ESRI introduced the Geography Network, providing a metadata search engine that published information about GIS data services and provided direct Internet links between the ArcGIS Desktop application and the data or service provider. ArcIMS introduced a way for organizations throughout the world to share GIS data and services. The Geography Network established a framework to bring GIS data and services together, supporting a rapidly expanding infrastructure of worldwide communities sharing information about the world we all live in. Promotion of data standards and improved data collection technologies unlock enormous possibilities for sharing geospatial information and help us better understand and improve our world.

GIS data resources are expanding exponentially. In the 1990s, GIS data servers seldom required a database that was more than 25 to 50 gigabytes in size. Today it is common for organizations to operate geodatabase servers supporting several terabytes to petabytes of GIS data (one petabyte is equal to eight quadrillion bits of data).

State-level agencies are consolidating data to support municipalities and commercial activities throughout their states. National agencies are consolidating data to support their user requirements and sharing data between state and national communities. Community-level data marts are being established to consolidate GIS data resources and support Internet data sharing to organizations throughout county and state regional areas.

Many organizations are outsourcing their IT operations to commercial Internet service providers (ISPs). Application service providers (ASPs) support organizations with IT administration, providing opportunities for smaller organizations to take advantage of high-end GIS database and application solutions to support their business needs. State governments are hosting applications and data for smaller municipalities throughout their states so the smaller communities can take advantage of GIS technology to support their local operations.

Regional geography network sites support sharing data throughout the region and within large state and federal agencies. ArcIMS software provides a metadata search engine that can be used by organizations to share their data and support their community operations. Cities can establish metadata sites to promote local commercial and public interests. States can consolidate metadata search engines for sharing data and services with municipalities throughout the state. Law enforcement can establish search engines to support national datasets. Businesses can establish metadata search engines to support distributed operational environments. Web services support community data sharing and integrated workflows.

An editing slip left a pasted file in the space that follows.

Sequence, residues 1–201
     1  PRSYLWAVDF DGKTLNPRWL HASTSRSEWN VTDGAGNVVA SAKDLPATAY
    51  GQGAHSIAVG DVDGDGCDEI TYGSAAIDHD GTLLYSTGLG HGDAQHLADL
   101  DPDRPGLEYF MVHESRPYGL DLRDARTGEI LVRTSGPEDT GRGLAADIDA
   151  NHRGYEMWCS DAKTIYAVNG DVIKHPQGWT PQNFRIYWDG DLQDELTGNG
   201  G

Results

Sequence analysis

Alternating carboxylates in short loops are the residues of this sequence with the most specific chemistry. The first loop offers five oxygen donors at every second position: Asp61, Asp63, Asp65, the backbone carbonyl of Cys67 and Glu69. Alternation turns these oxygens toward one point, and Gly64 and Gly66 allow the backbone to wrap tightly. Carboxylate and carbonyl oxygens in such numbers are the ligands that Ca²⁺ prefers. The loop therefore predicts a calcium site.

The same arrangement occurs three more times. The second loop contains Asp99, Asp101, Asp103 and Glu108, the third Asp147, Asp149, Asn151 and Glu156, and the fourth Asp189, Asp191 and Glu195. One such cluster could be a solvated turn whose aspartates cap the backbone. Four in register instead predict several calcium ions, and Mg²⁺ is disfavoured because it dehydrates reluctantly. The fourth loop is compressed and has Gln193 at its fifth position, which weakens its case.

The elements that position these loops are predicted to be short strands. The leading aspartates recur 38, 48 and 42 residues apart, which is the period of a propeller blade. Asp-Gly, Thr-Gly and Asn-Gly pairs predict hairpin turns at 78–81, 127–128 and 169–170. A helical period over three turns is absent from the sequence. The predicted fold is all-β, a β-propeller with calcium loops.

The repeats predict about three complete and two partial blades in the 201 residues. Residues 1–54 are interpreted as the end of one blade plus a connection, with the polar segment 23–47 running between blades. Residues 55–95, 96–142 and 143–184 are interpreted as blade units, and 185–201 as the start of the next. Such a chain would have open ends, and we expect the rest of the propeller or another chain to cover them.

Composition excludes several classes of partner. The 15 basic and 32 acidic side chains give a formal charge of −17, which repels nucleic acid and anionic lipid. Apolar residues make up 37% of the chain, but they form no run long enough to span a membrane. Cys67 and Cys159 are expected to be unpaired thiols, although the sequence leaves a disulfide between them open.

Deployment of ArcGIS Server with ArcGIS 9 expanded Web services technology to include geoprocessing and a broad range of service-oriented Web operations. GIS technology, in conjunction with Web standards and open systems architecture, has opened new opportunities for more improved business operations. As GIS data and services are shared among a growing number of organizations and technology provides real-time access to geographic information products, GIS becomes an integral part of community operations. GIS is rapidly expanding as a primary technology for understanding our world and related geospatial business opportunities. ArcGIS 9.3 opens GIS to enable an Internet technology revolution, new opportunities for business and communities alike through GIS services deployed on ESRI, Google, and Microsoft geospatial Web 2.0 platform environments.

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System Design Strategies
1. System Design Process 2. GIS Software Technology 3. Software Performance 4. GIS Data Administration
5. Performance Fundamentals 6. Network Communications 7. GIS Product Architecture 8. Information Security
9. Platform Performance 10. Capacity Planning Tool 11. City of Rome 12. System Implementation